Iran's leadership needs to respond to the mass demonstrations against disputed presidential elections or face greater problems in the future, says a German Protestant pastor based in Tehran.
"Politicians must deal with the discontent or they will find themselves sitting on a pressure cooker," the Rev Karl Jacobi, pastor of the German-speaking Protestant congregation in the Iranian capital, said in an interview from Tehran with the Frankfurt-based German Protestant news agency epd.
As many as 32 people are reported to have been killed since the demonstrations broke out after Iranian President Mahmoud Ahmadinejad was declared the winner of 12 June 2009 presidential elections. Protesters charged that the election had been rigged in favour of Ahmadinejad, who was given about 63 per cent of the vote compared to 34 per cent for his closest rival, Mir Hossein Mousavi.
The deaths were a "bad sign", Jacobi said in his 17 June interview with epd, but he added that it was good that young people were ready to stand up for freedom and for their rights.
The pastor described the youth as representing "an enormous potential as far as the desire for renewal is concerned". Still, any assault on the foundations of the Islamic Republic of Iran might provoke a severe reaction from the country's leaders, he warned.
Mousavi on 18 June called for further street protests, urging his supporters to wear black to mourn those killed in clashes, while the BBC reported that Iran's Guardian Council had said it is investigating 646 complaints from the three defeated presidential candidates.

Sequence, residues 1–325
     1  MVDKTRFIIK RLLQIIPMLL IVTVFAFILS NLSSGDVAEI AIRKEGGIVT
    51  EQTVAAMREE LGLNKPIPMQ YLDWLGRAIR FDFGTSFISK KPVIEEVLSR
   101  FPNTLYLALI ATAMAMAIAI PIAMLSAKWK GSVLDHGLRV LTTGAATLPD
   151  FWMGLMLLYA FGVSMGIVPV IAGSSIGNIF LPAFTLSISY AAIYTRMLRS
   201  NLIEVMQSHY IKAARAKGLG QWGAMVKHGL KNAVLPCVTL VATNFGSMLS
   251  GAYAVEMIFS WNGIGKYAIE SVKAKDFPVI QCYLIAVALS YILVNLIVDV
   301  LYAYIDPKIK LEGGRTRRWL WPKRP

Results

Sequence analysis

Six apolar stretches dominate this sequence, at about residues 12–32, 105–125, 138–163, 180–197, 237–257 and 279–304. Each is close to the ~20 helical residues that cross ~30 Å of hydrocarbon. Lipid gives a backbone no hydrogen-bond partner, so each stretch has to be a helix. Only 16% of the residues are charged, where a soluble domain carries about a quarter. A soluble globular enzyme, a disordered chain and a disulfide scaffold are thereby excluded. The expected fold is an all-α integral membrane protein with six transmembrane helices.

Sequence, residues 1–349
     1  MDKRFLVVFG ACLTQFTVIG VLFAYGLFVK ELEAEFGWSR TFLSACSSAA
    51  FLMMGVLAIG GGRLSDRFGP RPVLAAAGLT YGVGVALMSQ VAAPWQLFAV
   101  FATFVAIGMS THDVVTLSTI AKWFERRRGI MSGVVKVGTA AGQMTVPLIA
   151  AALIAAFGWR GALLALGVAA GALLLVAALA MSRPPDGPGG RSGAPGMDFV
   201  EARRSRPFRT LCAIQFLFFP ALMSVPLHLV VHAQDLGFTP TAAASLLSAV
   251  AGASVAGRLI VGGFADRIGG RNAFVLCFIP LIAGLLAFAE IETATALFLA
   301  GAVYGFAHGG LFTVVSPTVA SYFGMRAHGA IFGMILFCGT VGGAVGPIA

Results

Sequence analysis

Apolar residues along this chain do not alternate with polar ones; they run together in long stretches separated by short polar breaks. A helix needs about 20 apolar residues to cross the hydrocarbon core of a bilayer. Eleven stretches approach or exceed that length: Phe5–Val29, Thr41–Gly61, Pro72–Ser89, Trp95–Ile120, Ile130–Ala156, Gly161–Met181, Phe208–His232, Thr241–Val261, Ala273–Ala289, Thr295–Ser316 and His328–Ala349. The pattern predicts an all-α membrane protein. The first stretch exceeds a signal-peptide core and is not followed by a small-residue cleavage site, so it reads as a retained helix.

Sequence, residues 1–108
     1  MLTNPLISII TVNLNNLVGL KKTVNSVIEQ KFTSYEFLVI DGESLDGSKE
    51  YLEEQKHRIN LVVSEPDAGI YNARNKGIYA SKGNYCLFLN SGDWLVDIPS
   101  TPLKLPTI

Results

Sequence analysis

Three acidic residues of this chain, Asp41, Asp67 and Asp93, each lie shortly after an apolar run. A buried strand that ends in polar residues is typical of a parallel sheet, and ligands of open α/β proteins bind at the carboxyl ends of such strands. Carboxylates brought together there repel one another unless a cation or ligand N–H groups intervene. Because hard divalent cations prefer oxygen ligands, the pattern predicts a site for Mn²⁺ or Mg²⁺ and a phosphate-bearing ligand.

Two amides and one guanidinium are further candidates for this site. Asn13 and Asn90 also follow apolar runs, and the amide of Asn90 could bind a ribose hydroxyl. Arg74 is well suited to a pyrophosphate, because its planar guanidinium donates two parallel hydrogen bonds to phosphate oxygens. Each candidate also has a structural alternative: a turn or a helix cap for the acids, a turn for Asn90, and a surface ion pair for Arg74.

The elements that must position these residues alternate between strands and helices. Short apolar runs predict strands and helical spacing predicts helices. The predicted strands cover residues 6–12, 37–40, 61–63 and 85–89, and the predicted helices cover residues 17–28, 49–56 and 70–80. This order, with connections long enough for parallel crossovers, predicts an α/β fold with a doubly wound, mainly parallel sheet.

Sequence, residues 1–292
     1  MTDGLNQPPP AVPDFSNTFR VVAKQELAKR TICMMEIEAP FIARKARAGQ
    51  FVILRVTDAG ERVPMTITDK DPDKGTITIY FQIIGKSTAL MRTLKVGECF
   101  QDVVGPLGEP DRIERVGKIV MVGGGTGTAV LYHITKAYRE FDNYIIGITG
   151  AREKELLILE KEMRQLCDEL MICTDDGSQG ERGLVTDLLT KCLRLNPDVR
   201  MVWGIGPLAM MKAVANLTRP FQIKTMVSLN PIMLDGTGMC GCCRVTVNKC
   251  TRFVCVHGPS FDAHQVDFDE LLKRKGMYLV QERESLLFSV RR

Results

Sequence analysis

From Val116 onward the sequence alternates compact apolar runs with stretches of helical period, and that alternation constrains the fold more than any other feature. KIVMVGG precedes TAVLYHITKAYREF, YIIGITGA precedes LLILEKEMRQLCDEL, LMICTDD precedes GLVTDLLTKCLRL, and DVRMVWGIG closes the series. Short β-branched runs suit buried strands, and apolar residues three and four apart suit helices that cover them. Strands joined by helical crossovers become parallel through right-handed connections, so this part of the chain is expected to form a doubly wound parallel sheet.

Jacobi, who came to Tehran from Germany in 2005, said he did not believe that the official election results were completely inaccurate, though there may have been some irregularities.
"A lead of nine million votes for President Mahmoud Ahmadinejad is still significant," said Jacobi, adding that he believed it was possible that Ahmadinejad might offer a number of concessions.
"The question is whether that this will be enough, because both sides are digging in," while the strategy of the regime appears to be to allow demonstrators some latitude in order to "let off steam," said Jacobi.
The German-speaking Protestant congregation in Tehran was established in 1957 and is made up mainly of economic experts, German-speaking women married to Iranians, and embassy personnel.
Overall, the 3000 western foreigners in Iran appeared very nervous, Jacobi reported. He said that at a time when things were unstable, the congregation was trying to remain as normal a place as possible, offering space for dialogue, and praying for peace and justice.
Jacobi said he was pessimistic about the situation of Christians in the country, whose numbers have fallen from about 200,000 in the 1980s to 85,000 today.
"This is not just to do with politics, but because of economic conditions," and "is a problem that affects the whole of the Middle East", Jacobi added.
He said that even if presidential challenger Mousavi wants to see a greater separation of State and religion, it is questionable whether this is actually possible in the Islamic Republic of Iran.
Jacobi said, "Iran has no interest as a state to maintain the Christian community."
[With acknowledgements to ENI. Ecumenical News International is jointly sponsored by the World Council of Churches, the Lutheran World Federation, the World Alliance of Reformed Churches and the Conference of European Churches.]